Once the new display with the correct part number arrives, I’ll start the project and take photos of everything.  I know that the Stacy is difficult to disassemble, so I am going to take it very slowly and document everything in my blog.

I am very curious to see if I will actually receive a new, working Stacy display or not.  Hopefully it will be nice and bright in comparison with the current display.

I will also be replacing clock battery, and should probably also upgrade the hard drive.  It already has 4 MB of RAM installed.  I’m not sure if I want to mess with the TOS version or not.  It would be nice to have 2.06 installed if there are no issues with a Stacy.  (Update) I just read that 2.06 needs a patch for the Shadow chip on the Stacy.

New Falcon Arrival

My new Falcon arrived, and the things I ordered from Best Electonics for the US conversion and upgrades arrived on the same day.  I had a lot of fun setting it up.  First I replaced the power supply with a US power supply, then I installed a Compact Flash IDE adapter and 4 GB compact flash (this is a kit from Best, as you can see).  I also installed a Wizztronics 14 MB RAM upgrade (16 MB SIMM also came from Best).

The real-time clock battery was, of course dead, so the next evening unsoldered that and added a socket and a new RTC (Dallas 12887).  I was afraid that it might not fit under the shielding (see this article), but my socket was low-profile enough so that it fit just fine.  My method was to melt the solder on one row of pins in order to raise up the clock chip a bit.  I then cut the pins on that side.  I gently bent the other side by moving the chip back and forth until the chip was free.  I used a desolder pump to clear all the holes.  This was a bit difficult and time consuming because I think my pump is wearing out.  It always pays to have the best tools for doing this kind of work!  With a lot of persistence, I got the board all cleaned up and the socket soldered in.  I added the chip, and bit my tongue while I waited for the Falcon to boot.  All was well, and it booted up on the first try, and the clock is holding time perfectly.

I realized that I probably won’t be able to run Cubase with the Compact Flash drive, because the version of HDDriver needed to run Cubase is 7.93.  Cubase doesn’t obey all the SCSI “rules” so it will not work with newer versions of HDDriver.  I don’t believe that 7.93 supports Compact Flash adaptors, but I tried it anyway and it “bricked” my Compact Flash.  No matter what version of HDDriver or AHDI I tried, the Compact Flash was no longer recognized.  I tried the ICD PRO driver, and it recognized the drive and I was able to re-partition, but it only recognized 2 GB of the 4 GB, so I used HDDriver to re-partition again, and everthing was back to normal.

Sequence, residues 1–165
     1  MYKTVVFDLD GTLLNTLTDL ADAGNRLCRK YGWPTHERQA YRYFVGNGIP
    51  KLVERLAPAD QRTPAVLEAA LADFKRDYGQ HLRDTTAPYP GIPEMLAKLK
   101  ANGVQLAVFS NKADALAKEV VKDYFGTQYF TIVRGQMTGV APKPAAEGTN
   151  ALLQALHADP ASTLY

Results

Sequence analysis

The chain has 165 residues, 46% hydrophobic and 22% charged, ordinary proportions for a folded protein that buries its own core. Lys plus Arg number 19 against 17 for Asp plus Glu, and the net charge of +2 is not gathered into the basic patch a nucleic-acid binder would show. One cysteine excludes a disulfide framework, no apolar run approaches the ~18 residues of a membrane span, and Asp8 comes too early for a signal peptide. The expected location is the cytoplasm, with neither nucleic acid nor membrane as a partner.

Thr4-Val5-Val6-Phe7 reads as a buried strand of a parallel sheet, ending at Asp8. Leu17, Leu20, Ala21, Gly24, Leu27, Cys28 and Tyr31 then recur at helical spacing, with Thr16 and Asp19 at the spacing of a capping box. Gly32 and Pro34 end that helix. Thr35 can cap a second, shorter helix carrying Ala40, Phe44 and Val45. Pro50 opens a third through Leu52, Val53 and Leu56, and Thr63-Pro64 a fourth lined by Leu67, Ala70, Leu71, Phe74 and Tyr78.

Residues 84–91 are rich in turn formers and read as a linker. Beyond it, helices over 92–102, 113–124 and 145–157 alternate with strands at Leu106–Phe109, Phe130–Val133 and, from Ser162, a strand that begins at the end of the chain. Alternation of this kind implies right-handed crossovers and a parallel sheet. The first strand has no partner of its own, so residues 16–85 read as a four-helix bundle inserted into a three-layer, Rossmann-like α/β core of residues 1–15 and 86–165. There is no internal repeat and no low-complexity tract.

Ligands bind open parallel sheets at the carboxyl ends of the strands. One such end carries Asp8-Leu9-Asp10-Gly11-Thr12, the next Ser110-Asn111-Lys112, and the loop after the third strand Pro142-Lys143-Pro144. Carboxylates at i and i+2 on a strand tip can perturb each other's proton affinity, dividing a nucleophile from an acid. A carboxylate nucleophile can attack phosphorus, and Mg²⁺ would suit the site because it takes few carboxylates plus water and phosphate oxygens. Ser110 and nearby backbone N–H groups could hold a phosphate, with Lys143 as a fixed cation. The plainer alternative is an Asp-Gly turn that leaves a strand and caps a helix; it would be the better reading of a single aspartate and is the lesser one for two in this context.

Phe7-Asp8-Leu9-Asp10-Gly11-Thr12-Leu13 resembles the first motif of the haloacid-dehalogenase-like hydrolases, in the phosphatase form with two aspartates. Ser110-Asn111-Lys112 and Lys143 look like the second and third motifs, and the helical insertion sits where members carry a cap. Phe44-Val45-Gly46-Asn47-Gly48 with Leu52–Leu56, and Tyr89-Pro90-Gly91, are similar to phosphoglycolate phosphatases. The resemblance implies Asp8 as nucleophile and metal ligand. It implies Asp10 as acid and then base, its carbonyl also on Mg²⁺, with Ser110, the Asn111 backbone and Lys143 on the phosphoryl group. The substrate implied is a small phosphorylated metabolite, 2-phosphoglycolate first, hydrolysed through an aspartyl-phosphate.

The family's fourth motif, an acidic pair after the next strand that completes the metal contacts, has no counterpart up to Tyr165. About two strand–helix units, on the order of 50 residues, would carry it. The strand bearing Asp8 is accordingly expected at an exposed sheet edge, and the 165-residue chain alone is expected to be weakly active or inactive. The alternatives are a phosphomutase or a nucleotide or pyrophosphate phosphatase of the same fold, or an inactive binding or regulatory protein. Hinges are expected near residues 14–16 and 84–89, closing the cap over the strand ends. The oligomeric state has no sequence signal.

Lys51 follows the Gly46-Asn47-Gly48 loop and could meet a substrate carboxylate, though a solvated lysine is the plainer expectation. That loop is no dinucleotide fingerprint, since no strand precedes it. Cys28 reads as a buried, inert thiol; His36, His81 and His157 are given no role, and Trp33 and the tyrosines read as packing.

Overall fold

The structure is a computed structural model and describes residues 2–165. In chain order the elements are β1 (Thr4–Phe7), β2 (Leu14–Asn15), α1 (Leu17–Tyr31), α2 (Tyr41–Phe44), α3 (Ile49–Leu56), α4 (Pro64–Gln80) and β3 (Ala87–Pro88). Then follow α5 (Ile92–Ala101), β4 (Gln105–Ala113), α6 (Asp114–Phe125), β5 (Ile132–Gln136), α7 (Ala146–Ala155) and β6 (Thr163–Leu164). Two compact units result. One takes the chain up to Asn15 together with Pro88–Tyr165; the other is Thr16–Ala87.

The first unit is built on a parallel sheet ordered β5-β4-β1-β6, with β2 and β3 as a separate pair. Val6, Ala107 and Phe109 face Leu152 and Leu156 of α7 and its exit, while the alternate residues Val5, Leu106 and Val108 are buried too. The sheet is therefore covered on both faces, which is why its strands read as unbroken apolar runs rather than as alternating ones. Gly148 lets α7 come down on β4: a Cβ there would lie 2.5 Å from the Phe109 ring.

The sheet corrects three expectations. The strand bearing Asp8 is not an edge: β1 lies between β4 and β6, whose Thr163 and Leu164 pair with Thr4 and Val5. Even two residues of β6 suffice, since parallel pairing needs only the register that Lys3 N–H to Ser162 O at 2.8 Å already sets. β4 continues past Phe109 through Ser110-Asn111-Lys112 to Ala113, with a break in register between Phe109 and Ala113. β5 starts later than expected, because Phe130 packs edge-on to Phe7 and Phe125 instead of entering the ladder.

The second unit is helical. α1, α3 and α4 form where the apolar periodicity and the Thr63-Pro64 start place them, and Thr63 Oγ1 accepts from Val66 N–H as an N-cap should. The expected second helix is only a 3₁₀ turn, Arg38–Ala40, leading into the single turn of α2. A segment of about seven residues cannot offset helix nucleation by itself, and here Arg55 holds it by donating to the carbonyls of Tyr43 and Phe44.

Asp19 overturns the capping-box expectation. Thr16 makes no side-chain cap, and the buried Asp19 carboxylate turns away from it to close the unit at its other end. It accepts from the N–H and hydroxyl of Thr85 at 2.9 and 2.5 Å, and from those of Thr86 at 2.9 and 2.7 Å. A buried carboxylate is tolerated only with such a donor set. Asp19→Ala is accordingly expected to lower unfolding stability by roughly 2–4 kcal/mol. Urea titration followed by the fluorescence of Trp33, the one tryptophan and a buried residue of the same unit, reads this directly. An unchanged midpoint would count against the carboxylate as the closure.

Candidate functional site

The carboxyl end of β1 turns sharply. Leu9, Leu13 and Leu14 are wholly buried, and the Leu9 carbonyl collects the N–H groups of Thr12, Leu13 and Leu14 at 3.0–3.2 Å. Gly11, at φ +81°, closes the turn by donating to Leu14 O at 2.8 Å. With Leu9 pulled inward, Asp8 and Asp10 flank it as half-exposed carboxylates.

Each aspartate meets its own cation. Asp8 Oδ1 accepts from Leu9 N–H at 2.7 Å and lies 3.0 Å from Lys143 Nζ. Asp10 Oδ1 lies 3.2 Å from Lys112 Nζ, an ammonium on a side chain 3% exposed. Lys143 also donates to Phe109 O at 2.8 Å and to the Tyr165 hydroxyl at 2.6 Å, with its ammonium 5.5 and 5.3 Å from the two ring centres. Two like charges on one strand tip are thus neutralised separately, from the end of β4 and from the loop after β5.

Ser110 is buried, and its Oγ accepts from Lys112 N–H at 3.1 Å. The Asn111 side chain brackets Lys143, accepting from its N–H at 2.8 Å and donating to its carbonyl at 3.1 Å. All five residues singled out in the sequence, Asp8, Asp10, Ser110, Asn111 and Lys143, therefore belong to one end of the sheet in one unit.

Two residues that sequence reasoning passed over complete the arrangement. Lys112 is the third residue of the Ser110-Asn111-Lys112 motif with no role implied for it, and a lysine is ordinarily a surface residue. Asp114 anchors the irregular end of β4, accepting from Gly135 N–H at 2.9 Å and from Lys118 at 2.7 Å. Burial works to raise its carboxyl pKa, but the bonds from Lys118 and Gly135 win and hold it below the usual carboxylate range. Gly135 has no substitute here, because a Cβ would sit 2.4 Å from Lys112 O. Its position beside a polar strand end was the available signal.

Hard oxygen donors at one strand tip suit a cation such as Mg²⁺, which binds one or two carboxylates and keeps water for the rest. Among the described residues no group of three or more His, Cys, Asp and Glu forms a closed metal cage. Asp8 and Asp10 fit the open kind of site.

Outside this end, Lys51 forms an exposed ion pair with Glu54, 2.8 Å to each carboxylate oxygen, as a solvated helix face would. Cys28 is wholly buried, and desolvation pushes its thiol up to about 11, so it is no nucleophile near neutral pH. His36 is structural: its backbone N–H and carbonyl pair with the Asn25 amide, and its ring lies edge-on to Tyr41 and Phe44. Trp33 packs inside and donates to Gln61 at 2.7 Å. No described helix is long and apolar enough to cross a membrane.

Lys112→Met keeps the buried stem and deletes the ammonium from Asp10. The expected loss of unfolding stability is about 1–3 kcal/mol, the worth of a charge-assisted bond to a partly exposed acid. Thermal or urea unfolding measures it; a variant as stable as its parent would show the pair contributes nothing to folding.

The next day I looked on Amazon for an a 2.5” IDE drive, and found a brand new Seagate 5400 rpm drive for $25.00.  I installed this drive and set it up with several 1 GB partitions for TOS and used the rest of the drive for a LNX partition for a later installation of Mint, and a large F32 partition.

Here are some “unboxing” photos, together with photos I took of the Falcon while I did the upgrades.  I also included a video of the first boot.

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New “Stock" Falcon on the Way!

I have owned my Falcon for probably 14 years or more, and it is highly upgraded.  I have always lived in fear that it will “die”, and I do not have a spare.  It is the heart of my little studio, and everything revolves around it.  Of course, without replacing the capacitors, all computers of this age are at risk, and it is possible that two machines will have the same shelf life.

I recently decided that my last major purchase for the foreseeable future would be a second Falcon030.  The computer that I bid on and won is a UK falcon, so I will be putting in a US power supply, adding 14 MB of RAM and a 4 GB compact flash IDE “hard drive.”  I’m buying those things at Best Electronics.

It will be nice to have a spare “stock” Falcon for demos and games and such that is not all tied in to my studio equipment.  Hopefully both computers will never “die” at the same time, and I will be still be able to repair them myself or find someone to make the repairs!  Working with this vintage stuff is always an adventure!

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Alesis AI-1 and switch box for MINI MACMAN (LONG)

Last night I tried an idea of adding an A-B serial switch for the MINI MACMAN MIDI interface.  I was hoping that I could put the MINI MACMAN on the “A” side of the switch, and switch if off on the “B” side (nothing plugged on the “B” side) so that I don’t have to unplug and re-plug the cable all the time.  Unfortunately, even though the MINI MACMAN power LED was lit, the interface did not output any MIDI messages.  There may be lines on the serial switch I bought that are not implemented or something like that.  I’m sure it was designed for printers or networking.  I haven’t opened it or researched the issue.